Oil and gas operations in Texas are regulated by the Texas Railroad Commission; however, the TCEQ is responsible for permitting some of the equipment used in these operations and associated air emissions.

TCEQ Assesses Air Quality in Barnett Shale Area

Due to concerns about the effect of oil and gas operations on ozone levels in the Dallas–Fort Worth area, in 2007 the TCEQ began surveying the rapidly expanding Barnett Shale natural gas operations. Through a series of helicopter flyovers, the agency assessed the number of compressors operating in the area. These flights, along with subsequent studies, determined that—due to the location of the operations and the prevailing wind direction—emissions from oil and gas operations in the Barnett Shale area were not a significant factor in Dallas–Fort Worth ozone levels. However, with the EPA promulgating new, much lower ozone standards, these operations will again be examined to see if they can play a part in helping to meet the new standards.

In order to assess the air quality in the Barnett Shale area, and determine whether there was any scientific evidence of threats to public health, in 2009 and 2010 the TCEQ conducted several large, in-depth surveys of air quality in the six counties surrounding Fort Worth. The TCEQ deployed teams of air monitoring experts into the area to conduct the surveys. Staff used GasFind IR cameras (which show emissions that are invisible to the naked eye), handheld instruments to measure VOCs (volatile organic compounds), van-mounted gas chromatograph analyzers, SUMMA air sampling canisters, and their own senses to look for and measure emissions from oil and gas operations.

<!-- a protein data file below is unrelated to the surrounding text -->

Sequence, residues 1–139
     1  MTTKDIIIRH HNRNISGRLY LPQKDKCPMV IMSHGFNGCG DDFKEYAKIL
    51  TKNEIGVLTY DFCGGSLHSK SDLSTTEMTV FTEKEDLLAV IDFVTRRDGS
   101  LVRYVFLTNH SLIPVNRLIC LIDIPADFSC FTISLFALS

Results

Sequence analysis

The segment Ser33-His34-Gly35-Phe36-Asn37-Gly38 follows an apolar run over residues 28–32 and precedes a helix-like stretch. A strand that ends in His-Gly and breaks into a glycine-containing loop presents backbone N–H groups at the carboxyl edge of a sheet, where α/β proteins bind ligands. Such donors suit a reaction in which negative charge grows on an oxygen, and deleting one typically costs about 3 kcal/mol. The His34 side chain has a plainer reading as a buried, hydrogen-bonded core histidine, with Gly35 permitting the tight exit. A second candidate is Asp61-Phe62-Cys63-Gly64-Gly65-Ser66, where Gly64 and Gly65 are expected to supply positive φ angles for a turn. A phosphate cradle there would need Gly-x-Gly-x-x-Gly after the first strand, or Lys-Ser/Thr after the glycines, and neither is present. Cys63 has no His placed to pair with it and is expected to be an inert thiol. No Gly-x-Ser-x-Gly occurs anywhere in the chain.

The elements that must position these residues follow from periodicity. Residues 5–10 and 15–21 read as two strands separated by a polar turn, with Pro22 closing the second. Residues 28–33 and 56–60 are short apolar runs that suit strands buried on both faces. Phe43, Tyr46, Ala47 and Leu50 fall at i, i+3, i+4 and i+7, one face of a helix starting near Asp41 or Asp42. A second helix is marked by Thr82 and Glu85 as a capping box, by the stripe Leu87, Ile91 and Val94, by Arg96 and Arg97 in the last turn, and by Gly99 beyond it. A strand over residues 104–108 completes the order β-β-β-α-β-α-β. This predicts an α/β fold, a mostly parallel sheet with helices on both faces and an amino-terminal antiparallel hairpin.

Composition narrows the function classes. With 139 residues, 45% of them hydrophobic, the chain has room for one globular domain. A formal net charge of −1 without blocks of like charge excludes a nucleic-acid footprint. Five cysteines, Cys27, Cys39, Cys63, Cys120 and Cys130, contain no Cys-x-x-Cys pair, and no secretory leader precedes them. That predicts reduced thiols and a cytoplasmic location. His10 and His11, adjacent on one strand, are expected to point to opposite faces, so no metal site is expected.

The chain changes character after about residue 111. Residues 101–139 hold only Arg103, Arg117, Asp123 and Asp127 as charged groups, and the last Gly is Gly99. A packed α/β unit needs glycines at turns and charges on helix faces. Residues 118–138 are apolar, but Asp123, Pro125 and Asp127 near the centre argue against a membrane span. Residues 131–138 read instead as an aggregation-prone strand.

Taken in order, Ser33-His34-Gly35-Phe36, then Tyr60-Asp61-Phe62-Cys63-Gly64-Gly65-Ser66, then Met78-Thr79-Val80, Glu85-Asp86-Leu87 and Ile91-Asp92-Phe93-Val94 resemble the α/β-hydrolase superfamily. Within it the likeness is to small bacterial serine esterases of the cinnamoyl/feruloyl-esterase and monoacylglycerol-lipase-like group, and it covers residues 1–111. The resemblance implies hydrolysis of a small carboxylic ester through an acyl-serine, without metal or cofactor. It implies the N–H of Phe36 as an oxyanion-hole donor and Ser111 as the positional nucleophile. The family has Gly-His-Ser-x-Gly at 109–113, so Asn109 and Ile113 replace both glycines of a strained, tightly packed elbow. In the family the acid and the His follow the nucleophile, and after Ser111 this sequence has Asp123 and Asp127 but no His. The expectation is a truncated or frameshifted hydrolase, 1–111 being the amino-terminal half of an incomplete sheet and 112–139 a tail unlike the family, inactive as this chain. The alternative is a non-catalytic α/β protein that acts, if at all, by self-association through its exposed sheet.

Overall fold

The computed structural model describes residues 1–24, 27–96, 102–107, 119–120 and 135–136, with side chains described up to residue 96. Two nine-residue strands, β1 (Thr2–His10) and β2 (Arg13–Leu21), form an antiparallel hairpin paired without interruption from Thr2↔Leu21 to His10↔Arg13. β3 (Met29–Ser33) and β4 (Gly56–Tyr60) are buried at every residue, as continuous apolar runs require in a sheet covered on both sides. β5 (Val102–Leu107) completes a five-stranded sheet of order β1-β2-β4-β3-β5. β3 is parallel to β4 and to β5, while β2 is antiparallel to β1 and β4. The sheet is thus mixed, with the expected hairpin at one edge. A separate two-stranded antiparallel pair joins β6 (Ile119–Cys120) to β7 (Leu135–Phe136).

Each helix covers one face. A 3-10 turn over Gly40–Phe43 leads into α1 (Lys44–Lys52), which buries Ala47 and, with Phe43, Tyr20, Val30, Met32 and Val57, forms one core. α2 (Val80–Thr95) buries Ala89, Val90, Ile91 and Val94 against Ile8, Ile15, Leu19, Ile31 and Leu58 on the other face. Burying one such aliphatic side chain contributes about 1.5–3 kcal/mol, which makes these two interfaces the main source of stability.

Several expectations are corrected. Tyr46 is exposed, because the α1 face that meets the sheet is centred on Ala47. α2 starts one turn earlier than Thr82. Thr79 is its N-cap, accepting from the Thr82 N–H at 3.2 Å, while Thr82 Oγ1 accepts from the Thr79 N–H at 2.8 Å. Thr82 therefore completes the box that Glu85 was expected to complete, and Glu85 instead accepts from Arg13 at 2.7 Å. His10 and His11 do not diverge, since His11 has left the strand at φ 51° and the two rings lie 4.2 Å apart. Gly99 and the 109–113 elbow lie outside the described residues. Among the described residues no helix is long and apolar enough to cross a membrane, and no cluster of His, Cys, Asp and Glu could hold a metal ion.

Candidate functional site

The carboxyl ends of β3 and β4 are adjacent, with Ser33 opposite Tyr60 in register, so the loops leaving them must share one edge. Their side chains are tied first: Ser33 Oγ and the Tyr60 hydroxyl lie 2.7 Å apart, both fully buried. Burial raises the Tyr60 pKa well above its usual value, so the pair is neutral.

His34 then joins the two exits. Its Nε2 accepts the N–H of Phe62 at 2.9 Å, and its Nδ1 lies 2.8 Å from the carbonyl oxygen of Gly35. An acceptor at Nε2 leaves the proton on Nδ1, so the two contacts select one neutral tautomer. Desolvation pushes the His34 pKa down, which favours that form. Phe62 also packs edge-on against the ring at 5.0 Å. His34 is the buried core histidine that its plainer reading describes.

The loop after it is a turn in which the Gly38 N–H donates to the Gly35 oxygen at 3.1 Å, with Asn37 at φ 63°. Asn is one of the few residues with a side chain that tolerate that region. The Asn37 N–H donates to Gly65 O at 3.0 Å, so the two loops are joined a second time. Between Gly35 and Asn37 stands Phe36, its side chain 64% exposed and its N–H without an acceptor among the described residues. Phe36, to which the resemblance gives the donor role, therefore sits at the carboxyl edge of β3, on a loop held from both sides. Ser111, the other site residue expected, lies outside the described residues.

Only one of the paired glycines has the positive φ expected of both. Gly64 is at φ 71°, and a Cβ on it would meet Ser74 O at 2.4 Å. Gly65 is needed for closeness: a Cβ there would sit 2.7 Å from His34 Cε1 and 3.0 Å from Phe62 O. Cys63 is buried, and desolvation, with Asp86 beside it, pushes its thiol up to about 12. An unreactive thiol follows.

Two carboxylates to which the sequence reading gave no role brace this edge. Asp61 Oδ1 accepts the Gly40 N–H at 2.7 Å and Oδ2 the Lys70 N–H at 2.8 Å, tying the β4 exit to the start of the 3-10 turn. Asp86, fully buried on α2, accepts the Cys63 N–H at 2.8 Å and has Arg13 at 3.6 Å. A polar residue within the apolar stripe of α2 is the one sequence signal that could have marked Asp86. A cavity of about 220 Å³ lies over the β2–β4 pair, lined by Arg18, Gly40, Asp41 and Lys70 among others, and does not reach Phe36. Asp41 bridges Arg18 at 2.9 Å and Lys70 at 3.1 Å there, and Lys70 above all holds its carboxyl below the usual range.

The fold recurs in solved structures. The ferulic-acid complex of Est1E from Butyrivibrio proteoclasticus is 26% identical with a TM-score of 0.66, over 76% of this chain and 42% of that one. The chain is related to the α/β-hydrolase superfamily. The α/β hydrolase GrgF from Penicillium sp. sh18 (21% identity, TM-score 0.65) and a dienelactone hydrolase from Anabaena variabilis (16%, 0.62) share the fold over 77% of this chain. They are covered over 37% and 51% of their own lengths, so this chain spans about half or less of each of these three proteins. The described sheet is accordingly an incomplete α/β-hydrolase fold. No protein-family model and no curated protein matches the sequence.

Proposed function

Although gas chromatograph analyzers and SUMMA canisters measure many VOCs, some of which are air toxics, TCEQ toxicologists have determined that benzene is the key air contaminant of concern. If benzene levels from oil and gas facilities are below levels of concern, other air toxics should be as well.

From Aug. 1, 2009, to June 30, 2010, the TCEQ surveyed more than 560 sites using the GasFind IR camera. At approximately 450 of these sites, a handheld VOC sampler was also used. Based on observations with these instruments, 319 canister samples have been collected. In addition, samples have been collected via mobile Real-Time Automated Gas Chromatograph.

Out of all the samples taken, the TCEQ has only found two instances of benzene exceeding short-term levels of concern. Subsequent sampling at these two locations has shown low levels of benzene.